Hollywood December 27, 2002 (eXoNews) - UPN entertainment president Dawn Ostroff may be more interested in a future for Abby than Buffy. In an interview with Hollywood Reporter, Ostroff said was placing her bet on Sydney Tamiia Poitier's new Monday night sitcom.

"It's a very, very funny show," Ostroff said. "I think (Poitier) is a big TV star." Miss Poitier is the daughter of Sidney Poitier. 

Monday nights are UPN's most successful block this season. Ostroff says Mondays are "working great" for UPN. "We've created an environment where people come for appointment viewing."

Stacked sitcoms "The Parkers," "One and One" and "Girlfriends" have gained substantial new audience this year, compared to Buffy's 23% slide on Tuesdays in the 18-34 demographic and Enterprise warp failure at a 44% loss on Wednesdays.

UPN is hoping for some midseason resurgence with "Supermodel," a reality contest hosted by Tyra Banks, and "Platinum," a drama about budding hip-hop moguls featuring MTV-ready music videos.

"We are very conscious of being multiethnic and being keyed into what 18-to-34-year-olds are interested in," Ostroff told HR.

Buffy is up for renewal in May. The Slayer's future is still uncertain despite a recent rumor that had UPN offering Sarah Michelle Gellar a big raise to stay with the show, but Ostroff indicated that Buffy will live on.

"We've just started to really talk about it," Ostroff told HR. "Talk about all the different possibilities, whether it be a spinoff or 'Buffy' coming back."

Official Buffy Site -

Valentine Acquires Farscape's Parent Company

NEW YORK December 24, 2002 (Reuters) - German children's programming giant EM.TV (ETVG.DE) said on Tuesday it agreed to sell 49.9 percent of Jim Henson Co. to an investment group led by a former TV programming executive, helping it to pay down debt while retaining majority control of the renowned Muppet maker. 

Dean Valentine, the former chief executive of Viacom Inc.'s United Paramount Network, won the stake in the creators of Big Bird and Kermit the Frog.

His group received financial backing from Europlay Capital Advisors, a private equity shop that specializes in media and entertainment. 

Terms of the proposed transaction, which is expected to close in January, were not disclosed.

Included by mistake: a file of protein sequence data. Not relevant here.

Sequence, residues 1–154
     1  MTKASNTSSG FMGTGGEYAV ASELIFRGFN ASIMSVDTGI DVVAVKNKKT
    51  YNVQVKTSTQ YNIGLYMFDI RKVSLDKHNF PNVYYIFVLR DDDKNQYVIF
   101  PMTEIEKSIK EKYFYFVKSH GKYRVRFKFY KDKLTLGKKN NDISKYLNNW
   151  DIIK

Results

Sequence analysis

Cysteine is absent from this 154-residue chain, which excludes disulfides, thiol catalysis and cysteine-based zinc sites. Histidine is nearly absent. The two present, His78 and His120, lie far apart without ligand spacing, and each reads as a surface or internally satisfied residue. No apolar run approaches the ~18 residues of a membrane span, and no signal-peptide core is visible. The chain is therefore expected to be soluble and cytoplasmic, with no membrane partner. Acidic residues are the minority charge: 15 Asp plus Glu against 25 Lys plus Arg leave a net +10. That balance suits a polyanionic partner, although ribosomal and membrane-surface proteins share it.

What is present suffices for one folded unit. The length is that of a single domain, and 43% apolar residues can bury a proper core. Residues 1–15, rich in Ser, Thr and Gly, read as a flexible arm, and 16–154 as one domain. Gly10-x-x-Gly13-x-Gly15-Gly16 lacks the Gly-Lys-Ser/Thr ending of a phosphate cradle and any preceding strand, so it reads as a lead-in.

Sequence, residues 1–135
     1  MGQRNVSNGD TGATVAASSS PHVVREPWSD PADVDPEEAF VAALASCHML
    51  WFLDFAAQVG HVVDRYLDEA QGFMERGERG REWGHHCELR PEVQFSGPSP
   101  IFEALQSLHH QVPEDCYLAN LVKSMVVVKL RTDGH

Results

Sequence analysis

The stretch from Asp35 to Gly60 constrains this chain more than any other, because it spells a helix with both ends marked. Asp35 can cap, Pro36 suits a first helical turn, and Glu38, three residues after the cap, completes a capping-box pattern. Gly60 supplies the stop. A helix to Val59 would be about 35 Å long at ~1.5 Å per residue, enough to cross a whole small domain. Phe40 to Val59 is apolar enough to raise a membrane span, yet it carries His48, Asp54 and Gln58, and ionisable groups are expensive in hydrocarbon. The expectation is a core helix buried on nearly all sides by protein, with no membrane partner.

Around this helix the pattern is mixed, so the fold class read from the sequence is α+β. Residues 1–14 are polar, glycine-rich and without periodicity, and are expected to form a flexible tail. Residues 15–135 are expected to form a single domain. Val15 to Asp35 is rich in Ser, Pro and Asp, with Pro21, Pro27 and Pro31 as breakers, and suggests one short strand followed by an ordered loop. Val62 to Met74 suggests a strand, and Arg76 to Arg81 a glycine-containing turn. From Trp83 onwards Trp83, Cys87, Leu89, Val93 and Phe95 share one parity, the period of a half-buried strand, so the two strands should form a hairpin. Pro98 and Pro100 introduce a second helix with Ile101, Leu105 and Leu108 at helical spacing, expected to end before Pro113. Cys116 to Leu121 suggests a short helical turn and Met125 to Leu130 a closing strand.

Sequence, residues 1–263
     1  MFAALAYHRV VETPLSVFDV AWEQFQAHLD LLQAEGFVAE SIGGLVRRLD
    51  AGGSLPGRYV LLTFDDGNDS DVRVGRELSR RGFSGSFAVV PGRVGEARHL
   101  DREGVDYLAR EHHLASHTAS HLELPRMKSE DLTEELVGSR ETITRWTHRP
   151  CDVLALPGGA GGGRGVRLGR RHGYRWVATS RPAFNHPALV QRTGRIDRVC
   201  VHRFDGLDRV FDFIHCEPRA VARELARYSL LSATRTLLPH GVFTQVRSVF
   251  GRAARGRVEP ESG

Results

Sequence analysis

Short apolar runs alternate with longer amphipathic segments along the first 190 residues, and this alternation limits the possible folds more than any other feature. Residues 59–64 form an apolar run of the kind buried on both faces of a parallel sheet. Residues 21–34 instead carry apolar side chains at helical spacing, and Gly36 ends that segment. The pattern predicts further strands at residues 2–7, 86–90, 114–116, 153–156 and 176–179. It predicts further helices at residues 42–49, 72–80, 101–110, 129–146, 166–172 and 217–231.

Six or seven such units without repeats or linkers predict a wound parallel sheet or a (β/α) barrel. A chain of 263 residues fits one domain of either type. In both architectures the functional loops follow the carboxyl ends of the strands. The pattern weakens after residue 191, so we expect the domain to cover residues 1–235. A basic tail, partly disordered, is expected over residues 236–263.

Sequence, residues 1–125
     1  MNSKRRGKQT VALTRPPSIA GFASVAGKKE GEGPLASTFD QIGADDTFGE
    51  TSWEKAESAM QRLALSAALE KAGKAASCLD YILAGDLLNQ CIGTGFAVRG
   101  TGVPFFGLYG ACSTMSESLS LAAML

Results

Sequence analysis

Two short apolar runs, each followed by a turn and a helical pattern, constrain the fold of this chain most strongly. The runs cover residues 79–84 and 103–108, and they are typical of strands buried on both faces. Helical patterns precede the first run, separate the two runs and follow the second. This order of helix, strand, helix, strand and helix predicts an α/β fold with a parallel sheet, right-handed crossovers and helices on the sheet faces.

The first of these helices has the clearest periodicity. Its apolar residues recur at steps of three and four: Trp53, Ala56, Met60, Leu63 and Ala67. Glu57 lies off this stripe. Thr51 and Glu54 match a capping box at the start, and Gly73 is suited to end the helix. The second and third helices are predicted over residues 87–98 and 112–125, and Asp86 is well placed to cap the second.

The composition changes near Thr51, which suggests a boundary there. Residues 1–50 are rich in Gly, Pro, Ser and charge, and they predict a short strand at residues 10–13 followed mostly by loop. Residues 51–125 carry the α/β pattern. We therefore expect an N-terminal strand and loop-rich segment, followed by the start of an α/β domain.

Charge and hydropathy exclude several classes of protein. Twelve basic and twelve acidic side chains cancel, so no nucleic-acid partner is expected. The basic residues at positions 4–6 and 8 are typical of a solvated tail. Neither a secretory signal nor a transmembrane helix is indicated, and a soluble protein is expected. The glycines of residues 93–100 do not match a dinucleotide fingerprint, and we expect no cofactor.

Valentine, who ran Walt Disney Co.'s Touchstone TV and animation unit overseeing the creation of hit shows "Home Improvement" and "Ellen," expects to build the Henson brand, which has suffered under Munich-based EM.TV. 

"We feel there is enormous potential for growth, not merely from Kermit and the Muppets, but from the expansion of the Henson brand into all areas of family entertainment," Valentine said in a statement.

Valentine will run Henson with a management team that includes Mort Marcus, the former chairman of Miramax Television and Video, a Disney subsidiary, and Nick Van Dyk, former executive vice president of Artisan Entertainment. 

Valentine, who joined UPN in 1997, left in January, a month after Viacom yanked control of the fifth-largest network from Paramount Television Group and put it in CBS' hands instead. A month later, Valentine reached an undisclosed settlement with UPN over a lawsuit he had filed concerning his $22 million employment contract. 

EM.TV paid $680 million for Jim Henson Co. in March 2000, purchasing it from the Henson family. EM.TV began shopping it less than two years later after selling rights to the Sesame Street characters to Sesame Workshop for $180 million and its stake in Crown Media Holdings Inc. for about $100 million. 

Disney was recently planning a $135 million bid for all of Henson, people familiar with the situation said. It was unclear, however, whether that offer was submitted, or whether EM.TV simply opted to sell a minority stake instead. 

At least three other suitors had been interested in buying Jim Henson Co., sources said.

[The sci-fi series Farscape is produced by the Henson company, so Save Farscapers may want to use the news of this acquisition to promote their cause? Just a suggestion. Ed.]

Official Farscape site - 

The Sci Fi Farscape site - 

The whiny page Sci Fi posted listing excuses for canceling Season Five of Farscape - 

The Save Farscape Campaign site -

Firefly Campaign News!

"...knowing that I have an ARMY behind me, knowing how much you guys care and are willing to do... well it helps. A great deal." - Joss Whedon on Firefly

Hollywood December 24, 2002 (eXoNews) - Here's the latest from Kiba at Firefly: Immediate Assistance on how you can help get Joss Whedon's space western back in the air.

Firefly: Immediate Assistance is at 

FIA is running a demographics survey at  No biggie! Just click over there and take the quick survey to add your data. The results will be reported to Joss Whedon's production company, Mutant Enemy, and networks including UPN.